At the conclusion of every NBA season, the league awards the Larry O’Brien trophy to the team that was victorious in the NBA Finals. And as the champagne gets sprayed onto players and families start to make their way onto the podium, David Stern presents the Finals MVP award to the player that played best on the winning team. Normally, this translates into the best player on the title team winning the award, but every now and then we get it wrong and award the Bill Russell trophy to the wrong player.
Consider this fictional scenario: it’s the spring 1997 and the Chicago Bulls and Utah Jazz are tied at two games apiece in the NBA Finals. Going into Game 5 in Utah, Michael Jordan is clearly under the weather but finds the required energy and strength to give us one of the best performances ever in what will be known around the world as simply the Flu Game.
Because Jordan exerted most of his energy in Game 5, he is unable to suit up in Game 6 for the Bulls. As a result, Chicago starts Scottie Pippen at shooting guard and Toni Kukoc at small forward. Pippen plays one of the most masterful games of his illustrious career, scoring 27 points, grabbing 14 rebounds, dishing out seven assists and getting four steals. In addition, his help defense on Karl Malone forces the Mailman to shoot 10-for-32 from the field as the Bulls win the title at home by five points.
The Bulls start celebrating, the fans are euphoric and Jerry Krause is already entertaining interviews and telling people that organizations and not players win championships.
Michael Jordan is not at the United Center, he instead remained home to rest in the event of a potential Game 7 but catches the trophy presentation on television.
David Stern presents the Larry O’Brien trophy to Jerry Reinsdorf and then makes this next statement:
“I would like to congratulate the Utah Jazz for a great Finals performance. Chicago outlasted Utah in a tough six-game series and tonight one star played shooting guard, point guard, power forward and even a little bit of center to help the Chicago Bulls clinch the title. The NBA Finals MVP goes to Scottie Pippen”.
The scenario seems ludicrous right? By the way, had this happened, I’m convinced Jordan would have played until 2003 with the Bulls just to win a few more Finals MVP trophies.
Pippen’s performance in Game 6 would have been nothing short of spectacular, but awarding him the Bill Russell trophy would have made little sense. He would have carried the team to a title for one game while Jordan would have done most of the heavy lifting during the whole regular season, playoffs and five of the six Finals games. Logic would dictate that he be awarded the trophy and most would agree.
And yet, a similar situation manifested itself in the 1980 NBA Finals and the voters got it wrong. Indeed, Kareem Abdul-Jabbar was arguably the most dominant player during he 1979-80 NBA season, boasting averages of 24.8 points, 10.8 rebounds, 4.5 assists and 3.4 blocks per game on 60.4 percent field goal shooting during the regular season and averages of 31.9 points, 12.1 rebounds, 3.1 assists and 3.9 blocks per game on 57.2 percent field goal shooting during the playoffs. There is no other way to say this: Kareem was the man.
In the 1980 NBA Finals, Abdul-Jabbar was a force to be reckoned with during the series despite badly spraining his ankle in Game 5. As bad as the injury was, the superstar center finished the game and carried the Lakers to a victory and a 3-2 series lead against the Philadelphia 76ers.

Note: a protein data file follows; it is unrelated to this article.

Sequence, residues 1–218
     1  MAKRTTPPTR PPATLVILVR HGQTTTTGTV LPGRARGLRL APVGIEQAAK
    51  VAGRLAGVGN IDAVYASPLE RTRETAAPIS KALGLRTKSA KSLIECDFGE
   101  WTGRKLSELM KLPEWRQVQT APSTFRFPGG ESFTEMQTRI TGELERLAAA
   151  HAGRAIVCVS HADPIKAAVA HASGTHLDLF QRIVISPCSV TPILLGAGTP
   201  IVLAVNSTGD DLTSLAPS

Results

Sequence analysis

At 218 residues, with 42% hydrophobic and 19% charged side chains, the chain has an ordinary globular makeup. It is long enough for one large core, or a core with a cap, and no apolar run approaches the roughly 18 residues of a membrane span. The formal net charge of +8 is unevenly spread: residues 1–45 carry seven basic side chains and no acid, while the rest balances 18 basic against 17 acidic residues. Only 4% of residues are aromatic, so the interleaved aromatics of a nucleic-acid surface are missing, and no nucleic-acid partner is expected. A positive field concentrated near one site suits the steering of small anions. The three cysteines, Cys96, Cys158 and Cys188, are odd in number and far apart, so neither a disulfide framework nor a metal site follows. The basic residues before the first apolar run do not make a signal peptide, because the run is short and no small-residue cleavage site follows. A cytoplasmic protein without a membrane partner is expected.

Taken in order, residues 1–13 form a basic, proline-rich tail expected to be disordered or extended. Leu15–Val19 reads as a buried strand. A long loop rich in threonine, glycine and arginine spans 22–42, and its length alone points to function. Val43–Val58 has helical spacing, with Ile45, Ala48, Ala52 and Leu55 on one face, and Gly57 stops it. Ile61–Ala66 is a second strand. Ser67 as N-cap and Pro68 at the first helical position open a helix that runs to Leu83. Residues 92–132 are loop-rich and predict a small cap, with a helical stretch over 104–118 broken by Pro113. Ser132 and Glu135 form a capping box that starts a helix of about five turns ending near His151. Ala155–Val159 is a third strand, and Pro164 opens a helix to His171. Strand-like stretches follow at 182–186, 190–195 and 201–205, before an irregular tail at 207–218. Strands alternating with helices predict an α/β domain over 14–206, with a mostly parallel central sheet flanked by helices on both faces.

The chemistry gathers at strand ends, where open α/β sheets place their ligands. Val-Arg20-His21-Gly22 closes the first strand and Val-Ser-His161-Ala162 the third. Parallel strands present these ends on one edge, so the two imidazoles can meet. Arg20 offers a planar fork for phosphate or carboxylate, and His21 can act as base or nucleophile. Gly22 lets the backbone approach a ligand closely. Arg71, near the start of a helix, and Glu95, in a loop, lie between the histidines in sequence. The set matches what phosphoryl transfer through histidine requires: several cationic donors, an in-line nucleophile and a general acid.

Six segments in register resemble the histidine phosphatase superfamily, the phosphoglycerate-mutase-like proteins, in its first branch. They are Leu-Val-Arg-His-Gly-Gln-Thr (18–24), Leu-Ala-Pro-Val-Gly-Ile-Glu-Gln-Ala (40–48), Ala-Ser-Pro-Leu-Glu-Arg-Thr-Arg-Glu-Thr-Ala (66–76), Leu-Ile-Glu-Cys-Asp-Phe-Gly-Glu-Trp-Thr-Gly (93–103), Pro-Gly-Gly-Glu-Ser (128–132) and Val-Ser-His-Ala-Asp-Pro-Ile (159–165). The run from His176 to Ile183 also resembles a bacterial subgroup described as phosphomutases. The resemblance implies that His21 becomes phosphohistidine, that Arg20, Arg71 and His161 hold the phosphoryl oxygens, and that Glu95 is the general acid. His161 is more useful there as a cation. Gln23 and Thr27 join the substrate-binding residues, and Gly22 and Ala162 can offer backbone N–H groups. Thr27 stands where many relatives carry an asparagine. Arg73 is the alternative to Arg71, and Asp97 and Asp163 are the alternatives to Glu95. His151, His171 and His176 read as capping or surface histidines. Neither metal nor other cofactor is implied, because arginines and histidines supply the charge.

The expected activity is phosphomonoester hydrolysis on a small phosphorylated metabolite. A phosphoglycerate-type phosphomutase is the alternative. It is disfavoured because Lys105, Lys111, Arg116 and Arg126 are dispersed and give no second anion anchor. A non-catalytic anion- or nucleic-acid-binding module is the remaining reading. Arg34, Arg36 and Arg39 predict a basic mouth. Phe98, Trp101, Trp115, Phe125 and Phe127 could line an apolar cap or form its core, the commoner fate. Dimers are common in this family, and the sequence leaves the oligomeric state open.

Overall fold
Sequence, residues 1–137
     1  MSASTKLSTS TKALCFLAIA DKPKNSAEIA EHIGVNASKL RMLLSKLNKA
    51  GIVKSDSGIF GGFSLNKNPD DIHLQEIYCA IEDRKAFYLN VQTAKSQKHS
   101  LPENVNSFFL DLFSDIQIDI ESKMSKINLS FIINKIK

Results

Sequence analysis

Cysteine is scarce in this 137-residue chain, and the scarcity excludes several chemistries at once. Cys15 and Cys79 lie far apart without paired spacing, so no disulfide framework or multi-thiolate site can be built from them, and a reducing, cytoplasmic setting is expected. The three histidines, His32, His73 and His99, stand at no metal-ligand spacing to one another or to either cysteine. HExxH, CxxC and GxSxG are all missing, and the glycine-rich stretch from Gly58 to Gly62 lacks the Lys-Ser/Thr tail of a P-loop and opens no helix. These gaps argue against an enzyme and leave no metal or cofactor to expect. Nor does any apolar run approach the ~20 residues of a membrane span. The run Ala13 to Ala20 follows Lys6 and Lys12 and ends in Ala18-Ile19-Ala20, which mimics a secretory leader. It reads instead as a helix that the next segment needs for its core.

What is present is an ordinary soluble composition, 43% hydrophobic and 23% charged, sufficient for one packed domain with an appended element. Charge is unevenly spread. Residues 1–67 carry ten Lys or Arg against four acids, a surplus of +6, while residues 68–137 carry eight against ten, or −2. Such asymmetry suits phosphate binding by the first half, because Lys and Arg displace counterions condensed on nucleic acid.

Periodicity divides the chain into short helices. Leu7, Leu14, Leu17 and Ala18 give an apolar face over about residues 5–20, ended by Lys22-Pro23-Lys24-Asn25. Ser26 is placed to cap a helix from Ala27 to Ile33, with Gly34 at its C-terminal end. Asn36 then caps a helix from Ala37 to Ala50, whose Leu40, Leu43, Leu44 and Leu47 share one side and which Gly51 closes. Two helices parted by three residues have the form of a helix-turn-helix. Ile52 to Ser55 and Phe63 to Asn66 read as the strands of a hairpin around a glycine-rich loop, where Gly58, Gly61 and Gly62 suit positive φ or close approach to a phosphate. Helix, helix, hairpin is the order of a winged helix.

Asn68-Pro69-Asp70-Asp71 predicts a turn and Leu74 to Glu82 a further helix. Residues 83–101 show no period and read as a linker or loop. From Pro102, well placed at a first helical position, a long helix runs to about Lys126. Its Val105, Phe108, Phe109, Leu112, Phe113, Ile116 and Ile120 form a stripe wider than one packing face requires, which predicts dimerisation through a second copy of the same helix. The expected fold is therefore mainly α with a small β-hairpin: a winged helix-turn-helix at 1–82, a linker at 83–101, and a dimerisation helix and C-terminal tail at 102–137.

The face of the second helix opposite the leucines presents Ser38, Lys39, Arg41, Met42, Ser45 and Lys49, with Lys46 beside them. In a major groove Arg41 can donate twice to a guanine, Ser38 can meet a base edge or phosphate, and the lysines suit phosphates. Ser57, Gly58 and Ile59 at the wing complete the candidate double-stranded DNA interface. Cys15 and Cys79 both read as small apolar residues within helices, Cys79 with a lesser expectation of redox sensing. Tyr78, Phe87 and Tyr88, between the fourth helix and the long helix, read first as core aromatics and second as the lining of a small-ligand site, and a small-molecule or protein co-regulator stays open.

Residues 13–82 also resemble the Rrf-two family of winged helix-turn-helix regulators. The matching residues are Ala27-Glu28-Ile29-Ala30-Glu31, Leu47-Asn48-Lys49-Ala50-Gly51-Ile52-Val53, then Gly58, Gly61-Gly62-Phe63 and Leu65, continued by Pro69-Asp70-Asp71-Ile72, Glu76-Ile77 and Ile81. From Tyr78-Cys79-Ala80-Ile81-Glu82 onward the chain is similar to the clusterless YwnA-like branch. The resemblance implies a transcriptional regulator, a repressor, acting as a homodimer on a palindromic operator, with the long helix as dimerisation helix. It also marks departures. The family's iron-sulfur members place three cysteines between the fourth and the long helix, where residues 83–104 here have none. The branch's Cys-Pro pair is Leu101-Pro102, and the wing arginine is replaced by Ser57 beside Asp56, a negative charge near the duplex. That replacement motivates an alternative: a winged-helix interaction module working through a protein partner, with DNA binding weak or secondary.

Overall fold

Unfortunately for Los Angeles, the six-time league MVP would be unable to play in Game 6 and would not even make the trip to Philadelphia. And with their main scoring option missing, the Lakers improvised and started Magic Johnson at center and he went on to have the game of his life (as a rookie no less): 42 points, 15 rebounds and seven assists. Needles to say, the young point guard did it all.
Brent Musberger of CBS said at the time:
“He has played center, forward, and guard in this game. He’ll pack the uniforms afterward.”
As a result, Magic Johnson was crowned the NBA Finals MVP.
Magic’s play was definitely worthy of the award given his performance in the deciding game, but should Abdul-Jabbar’s huge contributions during the 1980 playoffs and the Finals have been completely disregarded in favor of the rookie’s play? Highly doubtful.
Numbers do not always tell the whole story but in the case of Kareem Abdul-Jabbar, they paint a picture of dominance during the 1980 championship series. The player formerly known as Lew Alcindor averaged an impressive 33.4 points, 13.6 rebounds, 3.2 assists and 4.6 blocks per game on 54.9 percent field goal shooting in the Finals.
To put those figures in perspective, they should be in the pantheon of great big man performances in the title round with the 1995 Finals performance of Hakeem Olajuwon as well as the 2000 Finals of Shaquille O’Neal. Have a look below:
Despite Kareem’s terrific output, he was forced to watch Magic accept his award at the conclusion of Game 6. To be fair, Johnson had a monster series in his own right, averaging 21. Points, 11.2 rebounds, 8.7 assists and 2.7 steals per game on 57.3 percent field goal shooting; but Abdul-Jabbar made everything happen for the Los Angeles Lakers on both offense and defense. He was the team’s main scoring option as well as its defensive anchor and thus made the game easier for his teammates in a way that very few in the history of the league have ever done.
Ultimately though, the one thing that mattered to both players was winning.
The rookie guard must have been ecstatic to lead his team to a Game 6 victory over the 76ers for the title, while the Lakers star center was probably proud to see his teammates win the championship despite his absence; however, Kareem Abdul-Jabbar will always have a Finals MVP trophy missing from his trophy case.
But we all know…